James Tissot: the 19th century painter who swapped high society for the Holy Land

Long dismissed for its religiosity, Tissot’s biblical work will be given new context in San Francisco

Tissot’s The Apparition (1885) was inspired by a séance following the death of his lover © Courtesy of Frédéric Mantion. Photo:  Eric Marin

Tissot’s The Apparition (1885) was inspired by a séance following the death of his lover © Courtesy of Frédéric Mantion. Photo: Eric Marin

A contemporary of the Impressionists, the late 19th-century society painter James Tissot (1836-1902) is remembered best for capturing the more mundane aspects of fashionable company: ladies lounging in lace and ruffles, tense moustachioed men in ties. It comes as a surprise, then, that for the last two decades of his life, Tissot trained his eye—and his brush—on the spiritual, producing hundreds of biblical watercolours and drawings for which he was widely renowned in his own time, but which have since fallen away from public view.

James Tissot: Fashion and Faith, which opens this week at the Legion of Honor in San Francisco, attempts to reconcile the French artist’s mystical and material works, presenting new scholarship and the first major reassessment of his work in nearly 20 years. Co-organised with the Musée d’Orsay in Paris, the exhibition includes more than 60 paintings—including both society and spiritual scenes, one of which was long thought lost—in addition to drawings, prints and photographs, which suggest Tissot was an artist between two worlds.

The bridge between those worlds is a recently rediscovered painting, The Apparition (1885), which was found in an estate sale by private collectors familiar with Tissot’s work. The uncharacteristically dark painting features the well-known spiritualist and medium, William Eglinton, accompanied by a woman, both shrouded in white and holding orbs of light. It is allegedly based on a vision Tissot had in a séance with Eglinton after his London lover, Kathleen Newton, had died of tuberculosis—a loss that sent him seeking refuge in his native France after several years in Britain.

James Tissot's "Holyday" (The Picnic) (around 1876) © Courtesy of the Fine Arts Museums of San Francisco

“Kathleen’s death was a turning point for Tissot,” says the exhibition’s curator, Melissa E. Buron, noting that it was after this vision that the artist began creating his biblical scenes. Spiritualism, which sought to scientifically prove the existence of an afterlife, had a pop-culture appeal at the end of the 19th century. The artist, raised Catholic, and many of his contemporaries “didn’t necessarily see a big divide between this kind of mysticism and Judeo-Christian religiosity,” she says.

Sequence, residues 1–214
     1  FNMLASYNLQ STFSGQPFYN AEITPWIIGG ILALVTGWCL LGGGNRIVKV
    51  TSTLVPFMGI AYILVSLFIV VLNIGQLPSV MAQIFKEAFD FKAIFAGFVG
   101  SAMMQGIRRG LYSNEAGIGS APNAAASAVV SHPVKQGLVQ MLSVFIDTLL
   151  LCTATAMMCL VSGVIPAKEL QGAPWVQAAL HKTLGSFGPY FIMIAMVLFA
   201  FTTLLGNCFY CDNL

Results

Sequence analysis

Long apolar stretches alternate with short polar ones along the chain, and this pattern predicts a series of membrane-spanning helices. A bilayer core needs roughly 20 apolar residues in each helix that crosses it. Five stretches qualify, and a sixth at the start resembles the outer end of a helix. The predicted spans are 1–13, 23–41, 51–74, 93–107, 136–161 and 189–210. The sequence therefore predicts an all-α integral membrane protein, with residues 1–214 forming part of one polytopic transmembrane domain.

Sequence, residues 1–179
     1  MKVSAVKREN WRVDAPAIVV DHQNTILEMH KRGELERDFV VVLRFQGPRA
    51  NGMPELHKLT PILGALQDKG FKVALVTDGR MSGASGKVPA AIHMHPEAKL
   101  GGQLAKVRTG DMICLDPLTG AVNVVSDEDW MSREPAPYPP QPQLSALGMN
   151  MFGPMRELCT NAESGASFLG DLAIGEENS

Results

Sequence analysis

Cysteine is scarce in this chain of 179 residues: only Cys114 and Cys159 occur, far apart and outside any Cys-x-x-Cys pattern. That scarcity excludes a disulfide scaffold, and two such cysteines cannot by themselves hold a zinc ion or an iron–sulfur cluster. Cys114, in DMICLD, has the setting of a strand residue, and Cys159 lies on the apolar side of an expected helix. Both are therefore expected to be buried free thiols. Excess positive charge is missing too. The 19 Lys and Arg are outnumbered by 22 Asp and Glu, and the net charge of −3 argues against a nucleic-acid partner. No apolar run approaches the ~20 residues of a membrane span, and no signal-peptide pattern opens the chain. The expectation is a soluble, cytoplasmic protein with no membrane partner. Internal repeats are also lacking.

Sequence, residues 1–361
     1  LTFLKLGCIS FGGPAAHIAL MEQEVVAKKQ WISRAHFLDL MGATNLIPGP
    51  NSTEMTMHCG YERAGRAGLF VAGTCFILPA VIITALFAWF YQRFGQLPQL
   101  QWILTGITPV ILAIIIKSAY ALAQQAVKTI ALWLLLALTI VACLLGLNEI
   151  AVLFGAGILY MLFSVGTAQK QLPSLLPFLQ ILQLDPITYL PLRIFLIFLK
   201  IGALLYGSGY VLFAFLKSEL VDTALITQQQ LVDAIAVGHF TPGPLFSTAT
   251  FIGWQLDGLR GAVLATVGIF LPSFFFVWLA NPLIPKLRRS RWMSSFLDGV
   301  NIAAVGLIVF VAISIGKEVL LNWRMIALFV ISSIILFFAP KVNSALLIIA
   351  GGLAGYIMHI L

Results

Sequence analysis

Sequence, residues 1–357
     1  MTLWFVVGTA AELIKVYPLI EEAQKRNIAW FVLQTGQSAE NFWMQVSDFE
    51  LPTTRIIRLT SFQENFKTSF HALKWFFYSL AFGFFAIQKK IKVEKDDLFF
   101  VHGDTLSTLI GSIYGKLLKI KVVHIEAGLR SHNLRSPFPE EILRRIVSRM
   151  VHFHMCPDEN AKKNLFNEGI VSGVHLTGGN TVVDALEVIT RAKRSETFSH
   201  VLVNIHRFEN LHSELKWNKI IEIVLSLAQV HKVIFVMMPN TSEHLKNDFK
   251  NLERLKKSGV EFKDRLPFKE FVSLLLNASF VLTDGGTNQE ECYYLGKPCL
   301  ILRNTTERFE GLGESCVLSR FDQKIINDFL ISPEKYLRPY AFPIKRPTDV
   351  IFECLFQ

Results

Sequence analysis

Assumed lost or even destroyed by Tissot himself for the better part of a century, The Apparition was known only by a mezzotint attributed to the artist, now in the museum’s collection, and photographs of the painting in Tissot’s studio in the rural Bouillon region of southern France.

Exhibited publicly for the first time since the artist was alive, alongside a selection of his biblical watercolours, “it shows how his unabashed religious and spiritual curiosity dovetailed with the cultural zeitgeist of the time,” Buron says.

Tissot, who visited the Holy Land on more than one occasion, created around 700 biblical scenes between 1885 and his death in 1902, and they proved a commercial hit. Masses queued to see them when they toured Paris and London, and John Singer Sargent, serving as an adviser to a nascent Brooklyn Museum eagerly building its collection up to rival the Metropolitan Museum of Art’s, counselled that they should invest in these works if they wanted to be taken seriously as an institution. The museum bought 350 New Testament watercolour scenes, while New York’s Jewish Museum bought Old Testament scenes; both museums rarely exhibit the works due to conservation concerns and the general ignorance of the works within Tissot’s oeuvre today. (Both museums have loaned a combined 22 for the show).

James Tissot's Moses and Joshua in the Tabernacle (around 1896-1902) © Image courtesy of the Jewish Museum

“The two leading scholars of Tissot over the past half century have largely dismissed this body of work because of its religiosity,” Buron explains. Yet the historical oversight of the artist’s spiritual paintings has long masked the artist’s resonance with the contemporary zeitgeist as well. The images are directly quoted in modern film, influencing the set design for Ben-Hur. Steven Spielberg used Tissot’s depiction of the Ark of the Covenant to create the relic around which the plot line of 1981’s Raiders of the Lost Ark is based.

There is an immediate familiarity about Tissot’s work, according to Buron, who says, “There is so much that has gone unknown about him for so long. These works deserve to be put into better context, given the lasting impact they had in both Victorian-era culture and modern-day cinema.”

James Tissot: Fashion and Faith, Legion of Honor, San Francisco, 12 October-9 February 2020